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Very Sweaty Baby Feet – Normal Or Hyperhidrosis? What to Do?
My baby has very sweaty feet. I find it so strange and wonder if something is seriously wrong.
Sweaty Baby Feet, Hands & Head – Possible Reasons and Remedies
It is surprisingly common for babies to have sweaty hands and feet – and even more; sweaty heads.
There are several reasons why babies sweat:
- Babies are often overdressed and the hands and feet are like the temperature gauge and start the perspiration off to cool down the body. For example, a common situation when babies are overdressed is in the stroller. If you don’t have one, get a simple air thermometer and put it in the stroller to check the temperature. You might realize that your baby has far too warm clothes on. You can also check your baby’s neck and back. If he or she is very warm, you need do something about it.
- Some people (babies as well as adults) are also just naturally very sensitive to heat and perspire at the drop of a hat, so there could be a genetic aspect to it.
- Babies do have immature nervous systems and it can take a while before they are able to control their temperature fully. This is particularly true for preemies. Many babies balance out a bit when they get more mobile, around 9 months they seem to regulate temperature better.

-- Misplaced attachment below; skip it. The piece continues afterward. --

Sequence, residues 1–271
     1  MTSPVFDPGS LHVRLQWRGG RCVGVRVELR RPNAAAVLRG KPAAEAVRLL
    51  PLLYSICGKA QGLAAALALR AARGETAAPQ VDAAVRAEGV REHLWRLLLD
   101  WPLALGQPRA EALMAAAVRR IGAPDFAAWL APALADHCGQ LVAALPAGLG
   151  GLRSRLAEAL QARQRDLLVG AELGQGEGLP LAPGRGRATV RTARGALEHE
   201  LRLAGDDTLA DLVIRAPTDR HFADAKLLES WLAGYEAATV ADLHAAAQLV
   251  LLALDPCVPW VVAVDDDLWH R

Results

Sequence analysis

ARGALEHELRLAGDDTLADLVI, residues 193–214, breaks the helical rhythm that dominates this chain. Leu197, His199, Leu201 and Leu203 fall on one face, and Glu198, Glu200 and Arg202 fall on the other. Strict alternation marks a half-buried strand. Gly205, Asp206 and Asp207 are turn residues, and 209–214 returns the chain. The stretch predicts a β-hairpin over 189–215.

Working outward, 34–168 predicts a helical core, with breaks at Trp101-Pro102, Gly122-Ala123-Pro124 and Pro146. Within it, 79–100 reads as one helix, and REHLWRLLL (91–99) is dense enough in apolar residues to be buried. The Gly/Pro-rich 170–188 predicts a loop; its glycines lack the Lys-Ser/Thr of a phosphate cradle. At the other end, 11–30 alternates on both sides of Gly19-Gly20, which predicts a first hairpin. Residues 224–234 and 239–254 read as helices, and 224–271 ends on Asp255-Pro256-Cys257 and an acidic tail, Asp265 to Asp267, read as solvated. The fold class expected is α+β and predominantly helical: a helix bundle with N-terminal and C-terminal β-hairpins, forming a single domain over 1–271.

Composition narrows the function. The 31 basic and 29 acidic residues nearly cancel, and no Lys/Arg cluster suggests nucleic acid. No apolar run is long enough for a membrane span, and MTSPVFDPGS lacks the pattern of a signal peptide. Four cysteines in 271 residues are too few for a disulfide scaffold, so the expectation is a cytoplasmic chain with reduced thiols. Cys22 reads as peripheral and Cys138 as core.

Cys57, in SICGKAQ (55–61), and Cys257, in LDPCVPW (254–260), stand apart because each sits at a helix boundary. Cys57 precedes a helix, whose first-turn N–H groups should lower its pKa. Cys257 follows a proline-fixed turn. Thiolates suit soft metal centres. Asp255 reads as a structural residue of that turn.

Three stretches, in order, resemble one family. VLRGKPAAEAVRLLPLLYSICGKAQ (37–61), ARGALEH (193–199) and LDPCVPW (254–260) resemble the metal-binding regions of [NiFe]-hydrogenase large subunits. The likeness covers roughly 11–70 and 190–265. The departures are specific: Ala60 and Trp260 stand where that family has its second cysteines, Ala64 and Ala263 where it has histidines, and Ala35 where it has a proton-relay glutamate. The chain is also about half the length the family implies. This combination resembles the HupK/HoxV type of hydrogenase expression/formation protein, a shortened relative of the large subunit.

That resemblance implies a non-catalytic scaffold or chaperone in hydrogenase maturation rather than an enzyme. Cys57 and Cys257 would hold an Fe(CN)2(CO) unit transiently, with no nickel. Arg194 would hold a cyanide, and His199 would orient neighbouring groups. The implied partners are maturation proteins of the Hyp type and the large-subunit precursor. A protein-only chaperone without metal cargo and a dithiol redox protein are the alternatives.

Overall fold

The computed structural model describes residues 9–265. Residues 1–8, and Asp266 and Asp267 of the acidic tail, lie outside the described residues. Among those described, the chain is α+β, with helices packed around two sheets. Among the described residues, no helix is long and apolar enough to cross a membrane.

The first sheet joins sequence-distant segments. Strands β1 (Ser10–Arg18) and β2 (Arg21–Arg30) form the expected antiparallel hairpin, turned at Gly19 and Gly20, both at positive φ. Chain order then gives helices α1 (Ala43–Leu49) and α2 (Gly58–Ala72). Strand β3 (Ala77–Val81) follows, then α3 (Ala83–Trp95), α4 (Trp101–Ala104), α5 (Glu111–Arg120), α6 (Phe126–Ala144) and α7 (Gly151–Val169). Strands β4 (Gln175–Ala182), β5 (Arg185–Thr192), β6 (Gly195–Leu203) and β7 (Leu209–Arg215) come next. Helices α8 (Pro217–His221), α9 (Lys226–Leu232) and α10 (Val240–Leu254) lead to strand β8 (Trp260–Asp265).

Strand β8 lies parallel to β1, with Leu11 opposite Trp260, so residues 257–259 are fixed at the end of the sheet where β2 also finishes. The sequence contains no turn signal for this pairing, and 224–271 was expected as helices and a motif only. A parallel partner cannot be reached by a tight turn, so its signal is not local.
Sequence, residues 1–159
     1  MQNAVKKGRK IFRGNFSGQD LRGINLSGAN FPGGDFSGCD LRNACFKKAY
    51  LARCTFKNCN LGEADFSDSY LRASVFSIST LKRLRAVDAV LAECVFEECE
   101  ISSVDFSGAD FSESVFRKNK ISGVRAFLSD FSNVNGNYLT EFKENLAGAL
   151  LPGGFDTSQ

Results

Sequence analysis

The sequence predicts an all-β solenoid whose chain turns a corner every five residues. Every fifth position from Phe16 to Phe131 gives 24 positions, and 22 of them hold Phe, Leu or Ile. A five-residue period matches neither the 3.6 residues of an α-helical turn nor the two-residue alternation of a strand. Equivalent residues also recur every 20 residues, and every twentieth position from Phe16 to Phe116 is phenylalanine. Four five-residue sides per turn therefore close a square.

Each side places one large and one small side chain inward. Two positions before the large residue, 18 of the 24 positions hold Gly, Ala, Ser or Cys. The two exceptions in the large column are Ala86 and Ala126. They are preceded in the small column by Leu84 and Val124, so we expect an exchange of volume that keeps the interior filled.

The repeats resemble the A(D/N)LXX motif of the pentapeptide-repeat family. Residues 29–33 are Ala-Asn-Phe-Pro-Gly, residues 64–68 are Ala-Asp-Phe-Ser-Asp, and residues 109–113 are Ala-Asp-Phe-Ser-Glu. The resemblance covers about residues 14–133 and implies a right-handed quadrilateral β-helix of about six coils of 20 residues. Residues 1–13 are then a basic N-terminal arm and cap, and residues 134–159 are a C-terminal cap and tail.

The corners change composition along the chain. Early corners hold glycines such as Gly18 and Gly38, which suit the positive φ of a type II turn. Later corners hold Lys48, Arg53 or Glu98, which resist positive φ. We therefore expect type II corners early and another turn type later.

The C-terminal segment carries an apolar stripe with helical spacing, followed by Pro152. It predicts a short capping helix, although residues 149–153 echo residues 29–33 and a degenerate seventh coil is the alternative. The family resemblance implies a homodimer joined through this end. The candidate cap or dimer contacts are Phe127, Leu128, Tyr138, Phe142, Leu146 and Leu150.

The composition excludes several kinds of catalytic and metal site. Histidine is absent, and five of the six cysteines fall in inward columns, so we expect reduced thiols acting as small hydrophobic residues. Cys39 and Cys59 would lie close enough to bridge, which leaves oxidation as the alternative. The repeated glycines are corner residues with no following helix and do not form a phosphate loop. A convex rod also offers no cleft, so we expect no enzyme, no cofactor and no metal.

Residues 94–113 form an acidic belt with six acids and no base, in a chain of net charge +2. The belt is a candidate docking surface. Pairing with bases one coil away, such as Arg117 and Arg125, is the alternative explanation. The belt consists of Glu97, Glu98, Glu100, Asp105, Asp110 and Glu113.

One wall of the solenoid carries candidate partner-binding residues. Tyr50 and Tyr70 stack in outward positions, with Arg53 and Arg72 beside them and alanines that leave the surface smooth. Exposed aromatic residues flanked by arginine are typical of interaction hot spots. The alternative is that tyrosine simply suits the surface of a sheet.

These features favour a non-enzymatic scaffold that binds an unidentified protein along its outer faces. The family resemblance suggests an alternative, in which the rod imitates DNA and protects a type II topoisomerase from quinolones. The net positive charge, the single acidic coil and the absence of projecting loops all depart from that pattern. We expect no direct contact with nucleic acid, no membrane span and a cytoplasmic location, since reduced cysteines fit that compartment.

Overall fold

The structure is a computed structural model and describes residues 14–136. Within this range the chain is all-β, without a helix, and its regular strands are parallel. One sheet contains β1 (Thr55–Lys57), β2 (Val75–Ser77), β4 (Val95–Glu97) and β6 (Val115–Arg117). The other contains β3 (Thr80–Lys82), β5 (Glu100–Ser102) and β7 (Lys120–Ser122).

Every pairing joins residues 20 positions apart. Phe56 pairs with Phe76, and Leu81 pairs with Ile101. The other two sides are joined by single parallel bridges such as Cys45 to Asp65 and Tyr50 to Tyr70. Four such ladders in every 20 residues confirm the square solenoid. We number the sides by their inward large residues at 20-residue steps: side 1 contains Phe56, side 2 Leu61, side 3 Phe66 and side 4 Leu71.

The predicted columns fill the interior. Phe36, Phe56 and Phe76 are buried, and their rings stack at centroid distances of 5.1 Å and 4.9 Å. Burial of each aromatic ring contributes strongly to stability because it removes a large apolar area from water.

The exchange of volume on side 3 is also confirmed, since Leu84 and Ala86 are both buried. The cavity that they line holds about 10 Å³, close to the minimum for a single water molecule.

- There are some medical conditions relating to excessive sweating, so if your baby is not thriving, is underweight or not very active, then it would pay to get him or her checked by a pediatrician.
One such medical condition is called hyperhidrosis. If you are sure that the baby’s sweaty feet are not due to a too warm room temperature or him or her being overdressed, then it is wise to discuss the matter with a pediatrician. Hyperhidrosis can be treated later on, but it is important to rule out dangerous underlying issues, such as heart disease.
Another possible (though also uncommon) medical condition that may cause sweating is hyperthyroidism (Graves’ disease). This is when the child’s thyroid gland becomes overactive.
A rule of thumb (as always) is, of course, to talk to your baby’s pediatrician if his or her sweating seems weird and not related to being hot or very active. And especially if your baby doesn’t seem to thrive in other ways too.
Here are two excellent reference books for baby health issues:
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